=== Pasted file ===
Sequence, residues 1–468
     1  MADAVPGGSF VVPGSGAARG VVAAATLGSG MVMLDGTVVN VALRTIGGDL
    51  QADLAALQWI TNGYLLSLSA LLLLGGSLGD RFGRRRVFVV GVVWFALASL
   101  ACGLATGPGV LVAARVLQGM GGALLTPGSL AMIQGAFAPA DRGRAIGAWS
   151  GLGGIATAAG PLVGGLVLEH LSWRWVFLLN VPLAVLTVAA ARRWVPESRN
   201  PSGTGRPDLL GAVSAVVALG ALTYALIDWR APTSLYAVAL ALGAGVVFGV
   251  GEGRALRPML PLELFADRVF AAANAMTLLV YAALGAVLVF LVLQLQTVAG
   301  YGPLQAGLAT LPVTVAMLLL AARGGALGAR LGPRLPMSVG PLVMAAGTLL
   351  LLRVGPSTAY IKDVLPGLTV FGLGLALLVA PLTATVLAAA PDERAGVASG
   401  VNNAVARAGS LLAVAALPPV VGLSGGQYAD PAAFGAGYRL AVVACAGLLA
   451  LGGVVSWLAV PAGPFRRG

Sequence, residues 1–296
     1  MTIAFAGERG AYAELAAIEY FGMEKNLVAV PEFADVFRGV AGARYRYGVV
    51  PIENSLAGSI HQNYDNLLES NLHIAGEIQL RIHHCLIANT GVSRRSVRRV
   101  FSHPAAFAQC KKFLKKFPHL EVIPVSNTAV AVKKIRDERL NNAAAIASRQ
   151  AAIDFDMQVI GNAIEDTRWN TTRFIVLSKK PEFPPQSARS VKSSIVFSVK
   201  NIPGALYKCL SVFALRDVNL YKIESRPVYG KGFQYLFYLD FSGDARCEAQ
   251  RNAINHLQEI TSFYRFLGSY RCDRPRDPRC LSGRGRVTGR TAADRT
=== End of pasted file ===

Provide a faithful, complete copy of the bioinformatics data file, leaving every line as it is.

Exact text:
Sequence, residues 1–468
     1  MADAVPGGSF VVPGSGAARG VVAAATLGSG MVMLDGTVVN VALRTIGGDL
    51  QADLAALQWI TNGYLLSLSA LLLLGGSLGD RFGRRRVFVV GVVWFALASL
   101  ACGLATGPGV LVAARVLQGM GGALLTPGSL AMIQGAFAPA DRGRAIGAWS
   151  GLGGIATAAG PLVGGLVLEH LSWRWVFLLN VPLAVLTVAA ARRWVPESRN
   201  PSGTGRPDLL GAVSAVVALG ALTYALIDWR APTSLYAVAL ALGAGVVFGV
   251  GEGRALRPML PLELFADRVF AAANAMTLLV YAALGAVLVF LVLQLQTVAG
   301  YGPLQAGLAT LPVTVAMLLL AARGGALGAR LGPRLPMSVG PLVMAAGTLL
   351  LLRVGPSTAY IKDVLPGLTV FGLGLALLVA PLTATVLAAA PDERAGVASG
   401  VNNAVARAGS LLAVAALPPV VGLSGGQYAD PAAFGAGYRL AVVACAGLLA
   451  LGGVVSWLAV PAGPFRRG

Sequence, residues 1–296
     1  MTIAFAGERG AYAELAAIEY FGMEKNLVAV PEFADVFRGV AGARYRYGVV
    51  PIENSLAGSI HQNYDNLLES NLHIAGEIQL RIHHCLIANT GVSRRSVRRV
   101  FSHPAAFAQC KKFLKKFPHL EVIPVSNTAV AVKKIRDERL NNAAAIASRQ
   151  AAIDFDMQVI GNAIEDTRWN TTRFIVLSKK PEFPPQSARS VKSSIVFSVK
   201  NIPGALYKCL SVFALRDVNL YKIESRPVYG KGFQYLFYLD FSGDARCEAQ
   251  RNAINHLQEI TSFYRFLGSY RCDRPRDPRC LSGRGRVTGR TAADRT